Among others, the reserve is home to two very hungry carnivores: a lion named Mambo, and a crocodile called Crispin! You will be invited to witness the animals’ most innate behaviours from up close whilst an experienced guide tells you about each individual. This is a fantastic opportunity to see some of Africa’s most revered predators and by helping to feed both Mambo and Crispin, you will be contributing to their ongoing care.
As an expansive home to a wealth of animals, life on the reserve can be quite demanding! There are a range of important activities which must be carried out each day, from the distribution of food and supplements right through to ‘cattle dipping’, which helps to control parasite populations between herds. You’re sure to be kept busy during your time on the project – all that we ask is that you’re willing to be flexible and to get involved!
Visiting A Local School
The project has partnered with a nearby school to form a ‘conservation club’, where the children are encouraged to learn about their local environment. You will visit the school twice per week (on average) in order to educate the children on topics such as plant or animals, though you may also assist in literacy or sports lessons too! This is a rewarding part of the project, as the school children have shown an increased interest in the conservation of their natural resources and wildlife over time. While this cannot always be a guaranteed activity, those who do take part will surely find it to be a meaningful and significant element of their time in Zimbabwe.
Every so often, the project team will hold a ‘cultural evening’ at the volunteer house. You will be joined by members of the local community, each of them eager to tell you all about the traditions and cultures of the Shona tribe. It’s not uncommon for the youngest members of the community to want to showcase one of their favourite pastimes for you, so get involved as they encourage you to sing and dance the night away!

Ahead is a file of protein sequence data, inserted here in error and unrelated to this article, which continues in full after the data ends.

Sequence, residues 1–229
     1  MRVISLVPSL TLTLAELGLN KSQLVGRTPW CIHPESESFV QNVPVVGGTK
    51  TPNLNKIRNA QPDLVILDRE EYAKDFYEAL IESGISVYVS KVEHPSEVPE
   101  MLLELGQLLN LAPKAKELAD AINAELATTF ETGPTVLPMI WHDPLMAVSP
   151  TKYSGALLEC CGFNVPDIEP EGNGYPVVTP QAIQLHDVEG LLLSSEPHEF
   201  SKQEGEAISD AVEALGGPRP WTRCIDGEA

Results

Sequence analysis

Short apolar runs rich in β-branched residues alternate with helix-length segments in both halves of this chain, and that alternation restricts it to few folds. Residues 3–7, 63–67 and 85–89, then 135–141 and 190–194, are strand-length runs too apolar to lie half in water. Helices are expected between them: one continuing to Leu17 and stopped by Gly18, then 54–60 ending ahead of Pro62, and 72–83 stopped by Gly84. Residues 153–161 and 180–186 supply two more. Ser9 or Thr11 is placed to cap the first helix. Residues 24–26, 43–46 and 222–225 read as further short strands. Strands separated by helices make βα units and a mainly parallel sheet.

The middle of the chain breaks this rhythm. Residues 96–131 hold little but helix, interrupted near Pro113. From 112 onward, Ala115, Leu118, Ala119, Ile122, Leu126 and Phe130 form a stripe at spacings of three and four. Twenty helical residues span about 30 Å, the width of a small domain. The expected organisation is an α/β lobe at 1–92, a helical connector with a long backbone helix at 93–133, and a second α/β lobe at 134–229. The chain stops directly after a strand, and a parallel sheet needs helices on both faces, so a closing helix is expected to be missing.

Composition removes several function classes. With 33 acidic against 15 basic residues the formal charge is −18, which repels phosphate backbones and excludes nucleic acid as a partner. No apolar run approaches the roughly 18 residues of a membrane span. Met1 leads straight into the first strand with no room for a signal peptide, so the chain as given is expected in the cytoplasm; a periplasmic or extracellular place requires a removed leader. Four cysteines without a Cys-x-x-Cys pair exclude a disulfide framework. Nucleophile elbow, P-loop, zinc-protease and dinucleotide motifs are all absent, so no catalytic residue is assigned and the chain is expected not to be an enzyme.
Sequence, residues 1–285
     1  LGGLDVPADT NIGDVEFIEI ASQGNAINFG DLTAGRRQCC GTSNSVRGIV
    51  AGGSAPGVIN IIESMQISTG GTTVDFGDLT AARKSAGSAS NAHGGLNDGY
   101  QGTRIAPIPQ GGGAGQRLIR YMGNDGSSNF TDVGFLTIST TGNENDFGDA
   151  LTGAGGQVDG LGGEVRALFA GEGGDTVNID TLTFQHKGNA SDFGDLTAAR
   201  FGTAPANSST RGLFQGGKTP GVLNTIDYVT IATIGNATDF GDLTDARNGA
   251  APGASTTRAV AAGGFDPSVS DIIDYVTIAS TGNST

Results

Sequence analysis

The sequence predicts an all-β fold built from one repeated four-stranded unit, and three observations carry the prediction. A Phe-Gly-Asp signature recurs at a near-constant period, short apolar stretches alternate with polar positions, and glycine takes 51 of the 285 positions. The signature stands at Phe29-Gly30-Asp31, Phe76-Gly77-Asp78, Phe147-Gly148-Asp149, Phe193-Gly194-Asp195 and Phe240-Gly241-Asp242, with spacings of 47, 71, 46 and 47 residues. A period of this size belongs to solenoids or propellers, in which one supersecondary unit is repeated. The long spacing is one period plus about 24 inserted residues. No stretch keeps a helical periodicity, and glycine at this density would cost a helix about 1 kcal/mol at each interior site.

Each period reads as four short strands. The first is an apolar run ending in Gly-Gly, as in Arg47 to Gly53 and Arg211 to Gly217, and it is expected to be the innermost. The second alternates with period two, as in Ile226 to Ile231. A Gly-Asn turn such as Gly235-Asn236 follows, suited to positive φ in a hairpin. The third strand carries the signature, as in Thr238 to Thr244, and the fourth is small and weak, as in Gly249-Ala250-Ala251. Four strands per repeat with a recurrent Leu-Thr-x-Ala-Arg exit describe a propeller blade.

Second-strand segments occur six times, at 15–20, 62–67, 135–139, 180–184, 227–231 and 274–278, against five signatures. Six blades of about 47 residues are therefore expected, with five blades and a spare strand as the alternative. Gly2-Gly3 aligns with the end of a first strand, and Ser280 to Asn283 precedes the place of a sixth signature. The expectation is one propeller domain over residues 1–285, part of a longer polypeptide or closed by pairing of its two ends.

Please note, itineraries are subject to change so what follows is simply a rough guideline.
Day 1 - The Adventure Begins:
You will arrive into Harare International Airport, where you will be met by a member of the project team before taking a private transfer to the project site. Upon arrival, you will have the opportunity to meet your fellow volunteers and some of the team before settling in for the evening.
Day 2-14 - Project Days:
These are your project days, during which you will take part in a wide range of activities. Most days run from 6am-5pm, though on occasion you may be invited to take part in later activities, such as a ‘cultural evening’ or a game drive at night! Every Sunday is a free day, and you can relax at the volunteer house or take part in some extra activities for an additional cost. In this case, the project team will be happy to suggest options once you arrive!
Day 15 - Return Home:
Today is your final day, so after saying goodbye to your fellow volunteers and the project team, you will be transferred back to the airport to catch your return flight home or to continue with your independent travel plans.
Dates, Availability & Price
To secure a place on this project a deposit of $245 is required at the time of booking, with the remaining balance due any time up to 60 days prior to your start date.
Please be advised, although we are able to offer a 7-night option, a minimum duration of 14 nights is recommended for a more in-depth experience. If taking part for only 7 nights there is no guarantee that you will be involved in all the activities listed.
Updates & Outcomes
From humble beginnings as a cattle, maize and tobacco farm in the 1950s, the Rhino and Elephant Conservation Project has since grown into the impressive conservation project it is today. Providing a safe haven for many different animal species, this project is known around the world for its rhino breeding and release programme. In 1985, the project was given seven orphaned baby black rhinos to care for, and this is where the breeding and release programme began. Over the next 20 years, 15 rhinos were born and 11 were able to be released back into the Matusadona National Park, where they were carefully monitored to ensure that they would thrive in the wild.